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John Peters, 1883; Walter Fleming, 1884; John Scott, 1885; J. B. Russell, 1886; M. C. Fisher, 1887; John Scott, 1888; W. J. Lehr, 1889; M. C. Fisher, 1890; J. Cunningham, 1891; W. J. Lehr, 1892; M. A. Malloy, 1893; Lars Martinson, 1894; H. K. Marcy, 1895; Hans P. Thompson, 1896; L. Martinson, 1897; H. K. Marcy, 1898; William O'Connor, 1899; C. T. Johnson, 1900; Joseph Mays, 1901; W. M. O'Connor, 1902; C. T. Johnson, 1903; Joseph Mays, 1904; Claus H. Lubker, 1905; Peter Campbell, 1906; Aug. Eichmeier, 1907; C. H. Lubker, 1908; Peter Campbell, 1909; George Heldt, 1910; Soren Miller, 1911; Emil Helsing, 1912; George Heldt, 1913; Soren Miller and Emil Helsing, 1914. There was a commissioner chosen at each general election in the county until the year 1914, each one to serve a term of three years. Now, as the general elections are held every second-year, two commissioners are chosen each time. The dates given are those of the first years they were active.
The records of the Saunders County elections prior to October 10, 1871, are apparently not in existence. A diligent search by the county clerk and others has been unsuccessful. The county officers before this date are, however, known. These are summarized as follows:
Treasurers-Jasper Richardson, 1867; Dennis Dean, 1868-69; -. Chapman, 1870-71; O. M. Carter, 1872-73.
Probate Judges-Jacob Saunders, Andrew Marble, 1867-69; A. L. Sprague, 1870-71.
Prosecuting Attorneys-Marcus Brush, 1867; John C. Cowan, 1868-72; W. J. Connell, 1873-75; M. B. Hoxie, 1876; M. B. Reese, 1877-82.
County Clerks-Hobart Brush, 1867; Reuben L. Warbritton, 1868-69; Charles A. Walker, 1870-71.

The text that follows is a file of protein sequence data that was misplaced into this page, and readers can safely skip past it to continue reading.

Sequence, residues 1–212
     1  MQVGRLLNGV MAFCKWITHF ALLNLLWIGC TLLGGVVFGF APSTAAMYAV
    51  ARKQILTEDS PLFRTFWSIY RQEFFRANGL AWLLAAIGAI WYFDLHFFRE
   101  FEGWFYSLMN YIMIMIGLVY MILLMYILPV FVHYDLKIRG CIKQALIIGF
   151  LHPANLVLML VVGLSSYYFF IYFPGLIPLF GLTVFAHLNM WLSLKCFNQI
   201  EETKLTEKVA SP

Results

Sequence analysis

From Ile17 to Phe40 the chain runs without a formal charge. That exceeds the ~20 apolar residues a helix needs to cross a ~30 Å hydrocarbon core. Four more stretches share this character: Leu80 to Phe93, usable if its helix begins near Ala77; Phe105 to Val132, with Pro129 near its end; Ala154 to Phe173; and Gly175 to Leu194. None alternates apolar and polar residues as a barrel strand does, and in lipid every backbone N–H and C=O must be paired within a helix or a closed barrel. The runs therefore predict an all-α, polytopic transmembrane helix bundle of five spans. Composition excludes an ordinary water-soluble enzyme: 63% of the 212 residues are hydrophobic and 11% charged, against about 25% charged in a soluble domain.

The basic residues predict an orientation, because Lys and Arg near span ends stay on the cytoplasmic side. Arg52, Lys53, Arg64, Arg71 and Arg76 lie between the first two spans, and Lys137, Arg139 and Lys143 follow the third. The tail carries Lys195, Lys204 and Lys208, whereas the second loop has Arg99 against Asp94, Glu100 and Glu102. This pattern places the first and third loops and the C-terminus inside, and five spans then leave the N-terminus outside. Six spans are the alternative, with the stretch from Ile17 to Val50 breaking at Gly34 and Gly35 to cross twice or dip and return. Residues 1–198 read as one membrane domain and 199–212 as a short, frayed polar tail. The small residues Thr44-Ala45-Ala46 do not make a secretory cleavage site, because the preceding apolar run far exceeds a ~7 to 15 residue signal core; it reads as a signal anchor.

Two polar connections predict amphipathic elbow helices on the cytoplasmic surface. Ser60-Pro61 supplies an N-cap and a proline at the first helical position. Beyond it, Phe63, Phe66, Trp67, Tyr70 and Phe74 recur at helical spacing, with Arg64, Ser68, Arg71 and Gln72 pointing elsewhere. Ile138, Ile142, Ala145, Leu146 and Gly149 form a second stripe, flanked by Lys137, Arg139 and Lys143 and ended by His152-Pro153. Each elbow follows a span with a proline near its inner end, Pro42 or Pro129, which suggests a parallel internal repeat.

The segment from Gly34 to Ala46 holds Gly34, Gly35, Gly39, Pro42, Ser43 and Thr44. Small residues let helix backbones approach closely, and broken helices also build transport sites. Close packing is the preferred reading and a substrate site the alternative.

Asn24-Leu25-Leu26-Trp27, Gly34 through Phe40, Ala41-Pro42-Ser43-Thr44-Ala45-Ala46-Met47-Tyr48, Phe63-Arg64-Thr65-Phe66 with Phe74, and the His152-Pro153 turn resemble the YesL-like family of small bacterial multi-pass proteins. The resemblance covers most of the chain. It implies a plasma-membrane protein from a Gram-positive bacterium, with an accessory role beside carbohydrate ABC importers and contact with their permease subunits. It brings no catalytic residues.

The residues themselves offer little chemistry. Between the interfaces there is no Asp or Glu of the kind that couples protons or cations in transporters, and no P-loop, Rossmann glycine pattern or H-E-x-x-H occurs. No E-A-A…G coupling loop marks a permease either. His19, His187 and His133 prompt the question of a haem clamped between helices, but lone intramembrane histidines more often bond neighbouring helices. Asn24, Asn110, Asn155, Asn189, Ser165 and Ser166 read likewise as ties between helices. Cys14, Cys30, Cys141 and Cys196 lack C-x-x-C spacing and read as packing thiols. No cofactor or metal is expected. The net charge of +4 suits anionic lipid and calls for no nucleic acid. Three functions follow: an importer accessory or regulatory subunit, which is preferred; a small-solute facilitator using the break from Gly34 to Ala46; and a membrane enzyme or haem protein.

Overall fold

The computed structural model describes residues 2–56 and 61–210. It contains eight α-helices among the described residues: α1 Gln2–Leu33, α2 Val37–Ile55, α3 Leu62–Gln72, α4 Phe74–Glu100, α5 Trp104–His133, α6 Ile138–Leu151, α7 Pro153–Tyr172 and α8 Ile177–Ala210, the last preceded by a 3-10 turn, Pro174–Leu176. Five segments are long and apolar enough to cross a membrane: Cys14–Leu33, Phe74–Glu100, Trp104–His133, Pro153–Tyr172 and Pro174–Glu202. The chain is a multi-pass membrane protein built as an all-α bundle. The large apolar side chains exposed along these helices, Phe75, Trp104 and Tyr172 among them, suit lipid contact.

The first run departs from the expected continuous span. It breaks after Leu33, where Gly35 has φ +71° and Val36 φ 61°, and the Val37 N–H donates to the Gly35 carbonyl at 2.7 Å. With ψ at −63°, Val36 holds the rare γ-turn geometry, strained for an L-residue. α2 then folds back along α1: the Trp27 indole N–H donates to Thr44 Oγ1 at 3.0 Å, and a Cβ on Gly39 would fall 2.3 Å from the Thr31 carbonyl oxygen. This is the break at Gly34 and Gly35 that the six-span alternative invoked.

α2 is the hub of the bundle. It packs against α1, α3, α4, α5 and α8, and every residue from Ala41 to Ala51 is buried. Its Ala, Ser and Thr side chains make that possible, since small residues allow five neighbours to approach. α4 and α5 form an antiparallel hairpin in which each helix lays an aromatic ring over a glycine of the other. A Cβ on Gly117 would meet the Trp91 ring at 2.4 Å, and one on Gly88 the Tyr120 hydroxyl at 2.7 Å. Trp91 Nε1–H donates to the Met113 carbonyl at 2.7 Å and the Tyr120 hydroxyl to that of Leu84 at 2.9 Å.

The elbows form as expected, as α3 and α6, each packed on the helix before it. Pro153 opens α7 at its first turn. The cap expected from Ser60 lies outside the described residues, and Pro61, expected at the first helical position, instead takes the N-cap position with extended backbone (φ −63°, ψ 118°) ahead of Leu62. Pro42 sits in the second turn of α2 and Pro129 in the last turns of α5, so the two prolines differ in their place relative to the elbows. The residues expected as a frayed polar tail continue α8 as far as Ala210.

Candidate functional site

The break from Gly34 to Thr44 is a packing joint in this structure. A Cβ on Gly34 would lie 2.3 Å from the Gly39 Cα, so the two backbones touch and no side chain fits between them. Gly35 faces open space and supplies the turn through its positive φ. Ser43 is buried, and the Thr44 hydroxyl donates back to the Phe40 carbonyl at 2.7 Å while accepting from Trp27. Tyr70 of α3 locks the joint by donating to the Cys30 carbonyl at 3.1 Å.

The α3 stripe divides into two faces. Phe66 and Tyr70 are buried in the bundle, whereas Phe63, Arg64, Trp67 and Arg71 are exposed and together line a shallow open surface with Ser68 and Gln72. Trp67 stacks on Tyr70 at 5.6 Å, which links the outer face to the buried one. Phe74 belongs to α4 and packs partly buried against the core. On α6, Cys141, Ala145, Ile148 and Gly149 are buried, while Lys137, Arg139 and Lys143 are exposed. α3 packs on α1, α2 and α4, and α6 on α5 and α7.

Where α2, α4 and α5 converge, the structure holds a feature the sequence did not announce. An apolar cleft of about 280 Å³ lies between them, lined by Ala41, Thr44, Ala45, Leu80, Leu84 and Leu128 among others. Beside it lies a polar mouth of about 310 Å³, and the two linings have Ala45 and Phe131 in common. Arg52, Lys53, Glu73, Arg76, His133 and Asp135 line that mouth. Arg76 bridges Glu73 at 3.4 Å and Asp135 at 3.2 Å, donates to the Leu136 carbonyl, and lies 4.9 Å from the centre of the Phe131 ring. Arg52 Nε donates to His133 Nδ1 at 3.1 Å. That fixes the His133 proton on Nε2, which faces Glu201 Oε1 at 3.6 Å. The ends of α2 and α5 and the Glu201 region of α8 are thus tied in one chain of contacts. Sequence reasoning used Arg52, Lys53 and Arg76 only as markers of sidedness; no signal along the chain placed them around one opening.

Sheriffs-Loomis Wickwire, 1867: Henry Reasoner, 1868-69; John Whitelock, 1870-71.
Surveyors- Seth Wilson, 1867; C. F. Talcott, 1868-73.
School Superintendents-A. B. Fuller, 1867, by appointment; A. S. Pancoast, 1869; Walter Fleming, 1871.
Beginning with the election of October 10, 1871, the result of the different elections held in the county is presented:
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October 10, 1871-John Mosher, probate judge; F. M. Stratton, county clerk; 0. M. Carter, treasurer; L. B. Reno, sheriff; L. S. Smith, coroner; Walter Fleming, county school superintendent; C. F. Talcott, surveyor.
October 8, 1872-W. H. Dech, representative; for governor, Robert W. Furnas received 744 votes, and Henry C. Lett 275; W. J. Connell, district attorney; S. W. Hayes, senator Eighth District.
October 14, 1873-R. H. Knapp, treasurer; C. M. Whitney, school superintendent; J. A. Allman, surveyor; L. B. Reno, sheriff; L. R. Menzel, probate judge; M. Youngstedt, coroner; F. M. Stratton, clerk; for county seat, Eldred, 549, Wahoo, 617, Alvin, 294, Ashland, 238.
October 13, 1874-For Governor: Silas Garber received 484 votes; J. F. Gardener, 658; Albert Tuxbury, 14, and Jarvis Church, 82; C. Thompson, district attorney; H. D. Perky, senator; C. Smith, representative; J. F. Roll, representative. Ninth District; Thompson Bissell, treasurer.
October 12, 1875-G. W. Post, district judge; R. H. Knapp, treasurer; F. M. Stratton, clerk; J. W. Moore, sheriff; L. R. Mengel, judge probate court; S. H. Knepper, superintendent of schools; William H. Dickinson, surveyor; G. W. Dane, coroner; W. H. Simene, representative.